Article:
Even if you’re not working on an overtly creative product, there’s a place for creative thinking in your problem-solving process.
As a team of creatives, most of our assignments involve solving problems. We take what may seem like a dry or uninspiring subject and find the excitement and beauty in it. It’s a fulfilling enterprise, for sure. But it’s not without its challenges. Your team has probably experienced something similar. Even if you’re not working on an overtly creative product, there’s a place for creative thinking in your process. Here are my recommendations for injecting some novel thinking into your problem-solving.
1. Equip your experts
This seems like a no-brainer, and to some extent it is. You’ve hired qualified people to solve problems in a particular area of focus. They have the education and experience to do great work in their field. You present them with a challenge, and they use their expertise to address it, typically with some interesting ideas and perhaps a novel solution. But how well-equipped are they? Are they able to make use of the latest tools in their field? Do they know how to use them? Are they communicating with peers, via conferences and meetups? Technology is evolving at such a rapid pace; there’s always something interesting to consider that might breathe new life into your team’s methodology.
2. Find your non-experts
When I say non-experts, I mean people that know the bare minimum about the subject you’re working on. Someone with only a passing familiarity with your project will see it from an entirely different point of view and can offer insights and ideas that aren’t restricted by established rules or practices. David Burkus, in his book The Myths of Creativity
, relates the story of Jay Martin, a prosthetic limbs designer who had a vision for a different kind of prosthetic: a robotic ankle that behaved more like a real human ankle. It’s a complex joint, and what he was proposing went against conventional wisdom. In fact, his experts all told him it was impossible. So he fired them and hired interns. They had enough knowledge to begin the solution process, but not so much that they were certain of what wouldn’t work. Seasoned experts often arrive at a “no” too quickly precisely because of their expertise. Martin’s very new and very green team took a long time to solve the ankle problem. But they did solve it. Because they didn’t know they couldn’t. My advice? Find someone in a different discipline with a solid work ethic who isn’t afraid to speak up.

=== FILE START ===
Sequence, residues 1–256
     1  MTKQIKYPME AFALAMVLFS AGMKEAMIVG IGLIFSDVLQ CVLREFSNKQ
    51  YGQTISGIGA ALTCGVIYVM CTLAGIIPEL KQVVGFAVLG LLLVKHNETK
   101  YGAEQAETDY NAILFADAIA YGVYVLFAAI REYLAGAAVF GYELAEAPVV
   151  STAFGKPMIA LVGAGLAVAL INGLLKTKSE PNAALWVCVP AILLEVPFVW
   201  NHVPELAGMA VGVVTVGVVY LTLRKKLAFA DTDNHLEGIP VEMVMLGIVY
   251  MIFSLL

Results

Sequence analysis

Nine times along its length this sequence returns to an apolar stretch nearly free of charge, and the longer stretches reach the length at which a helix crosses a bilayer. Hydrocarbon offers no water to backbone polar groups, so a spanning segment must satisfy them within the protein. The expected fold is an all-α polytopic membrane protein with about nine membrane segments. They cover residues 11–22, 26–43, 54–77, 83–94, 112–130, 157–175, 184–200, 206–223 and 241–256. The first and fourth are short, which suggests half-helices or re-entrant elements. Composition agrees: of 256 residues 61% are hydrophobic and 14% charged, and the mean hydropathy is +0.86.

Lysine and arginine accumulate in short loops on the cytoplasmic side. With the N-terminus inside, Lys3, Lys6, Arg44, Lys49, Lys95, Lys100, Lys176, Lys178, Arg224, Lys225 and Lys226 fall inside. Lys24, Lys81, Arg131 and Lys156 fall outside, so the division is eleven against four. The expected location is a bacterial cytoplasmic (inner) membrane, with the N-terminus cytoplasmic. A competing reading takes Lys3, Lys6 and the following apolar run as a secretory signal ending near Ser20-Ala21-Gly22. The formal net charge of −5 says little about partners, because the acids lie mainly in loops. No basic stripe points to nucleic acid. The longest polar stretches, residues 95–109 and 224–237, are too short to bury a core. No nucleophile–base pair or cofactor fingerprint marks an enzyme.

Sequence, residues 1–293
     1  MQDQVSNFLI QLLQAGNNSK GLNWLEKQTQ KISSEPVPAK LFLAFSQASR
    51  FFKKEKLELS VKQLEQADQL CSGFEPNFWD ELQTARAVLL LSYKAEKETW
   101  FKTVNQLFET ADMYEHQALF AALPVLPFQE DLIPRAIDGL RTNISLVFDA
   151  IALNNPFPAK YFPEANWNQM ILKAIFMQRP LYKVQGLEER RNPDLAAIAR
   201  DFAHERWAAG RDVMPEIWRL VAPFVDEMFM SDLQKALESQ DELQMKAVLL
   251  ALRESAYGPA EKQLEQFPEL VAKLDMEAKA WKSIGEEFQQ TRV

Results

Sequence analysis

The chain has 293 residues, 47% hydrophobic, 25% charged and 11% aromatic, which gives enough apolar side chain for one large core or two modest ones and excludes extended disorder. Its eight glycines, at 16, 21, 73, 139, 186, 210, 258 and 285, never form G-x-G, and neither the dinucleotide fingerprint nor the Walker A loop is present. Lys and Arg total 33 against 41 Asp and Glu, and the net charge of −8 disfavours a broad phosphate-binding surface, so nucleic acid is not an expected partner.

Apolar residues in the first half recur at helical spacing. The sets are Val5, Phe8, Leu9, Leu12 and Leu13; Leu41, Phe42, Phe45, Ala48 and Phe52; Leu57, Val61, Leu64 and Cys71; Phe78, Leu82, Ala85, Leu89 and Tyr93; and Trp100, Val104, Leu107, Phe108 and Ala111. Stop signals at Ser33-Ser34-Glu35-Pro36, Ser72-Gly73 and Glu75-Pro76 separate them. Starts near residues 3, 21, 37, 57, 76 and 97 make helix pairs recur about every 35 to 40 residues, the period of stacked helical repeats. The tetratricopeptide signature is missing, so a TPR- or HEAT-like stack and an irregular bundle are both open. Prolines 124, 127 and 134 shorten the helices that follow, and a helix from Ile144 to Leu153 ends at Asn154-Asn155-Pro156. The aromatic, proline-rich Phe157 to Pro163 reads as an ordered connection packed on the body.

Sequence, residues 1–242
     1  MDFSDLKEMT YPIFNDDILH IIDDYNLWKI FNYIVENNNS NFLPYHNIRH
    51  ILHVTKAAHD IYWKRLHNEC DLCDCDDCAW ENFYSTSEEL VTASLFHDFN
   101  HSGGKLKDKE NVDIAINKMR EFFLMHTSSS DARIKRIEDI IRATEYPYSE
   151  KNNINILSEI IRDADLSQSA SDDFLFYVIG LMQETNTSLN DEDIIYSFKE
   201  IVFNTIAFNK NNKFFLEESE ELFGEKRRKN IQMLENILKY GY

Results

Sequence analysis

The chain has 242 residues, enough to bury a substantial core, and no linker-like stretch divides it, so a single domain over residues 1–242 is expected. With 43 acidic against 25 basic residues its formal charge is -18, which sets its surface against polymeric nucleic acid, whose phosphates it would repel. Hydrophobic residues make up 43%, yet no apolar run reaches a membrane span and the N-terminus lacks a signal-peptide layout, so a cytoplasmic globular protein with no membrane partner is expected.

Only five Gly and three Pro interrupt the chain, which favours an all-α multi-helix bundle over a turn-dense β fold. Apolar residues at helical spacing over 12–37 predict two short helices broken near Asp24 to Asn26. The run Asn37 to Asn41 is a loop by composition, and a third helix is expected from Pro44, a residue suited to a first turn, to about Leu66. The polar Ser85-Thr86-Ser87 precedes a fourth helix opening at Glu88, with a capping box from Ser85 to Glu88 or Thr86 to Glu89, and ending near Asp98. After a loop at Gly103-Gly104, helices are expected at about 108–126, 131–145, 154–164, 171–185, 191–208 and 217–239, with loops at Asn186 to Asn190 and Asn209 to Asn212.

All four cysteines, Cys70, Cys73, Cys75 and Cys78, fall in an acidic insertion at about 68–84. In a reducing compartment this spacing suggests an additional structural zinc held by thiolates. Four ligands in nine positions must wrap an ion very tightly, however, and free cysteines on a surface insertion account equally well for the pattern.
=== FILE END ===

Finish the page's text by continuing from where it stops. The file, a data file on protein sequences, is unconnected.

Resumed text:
Once they know that you’re interested in their help and value their opinion, you’ll be surprised at what you get. Pair your expert with that new thinker. Allow them to educate one another. Just don’t tell them what’s impossible.
3. Get good at throwing curveballs
Brian Eno is one of the most respected music producers alive today. His innovative collaborative efforts have led artists like U2, David Bowie, Paul Simon, the Talking Heads and many others to some of their most successful work. He’s also at times quite frustrating to work with. That’s because Eno isn’t afraid to throw a curveball. Once a project is good enough, he pushes harder. Redoubles efforts. Has the musicians trade instruments for the next take. Anything to push artists out of their comfort zones. The result of this temporary discomfort is pushing past creative blocks. A trip into uncharted territory. Eno and artist Peter Schmidt created a deck of cards called “Oblique Strategies
” that challenges users in just that way. The result is always something different than expected. Something fresh or surprising. A new approach to the problem. At Godfrey, it can be as simple as wiping the slate clean of our first ideas and coming up with a fresh batch. They’re always more daring because the safe ideas have a way of moving to the front of the line. But the ones right behind them are always more interesting.
Think of ways to challenge your team. To turn your process upside down or inside out. But make it fun. And make the time for it.
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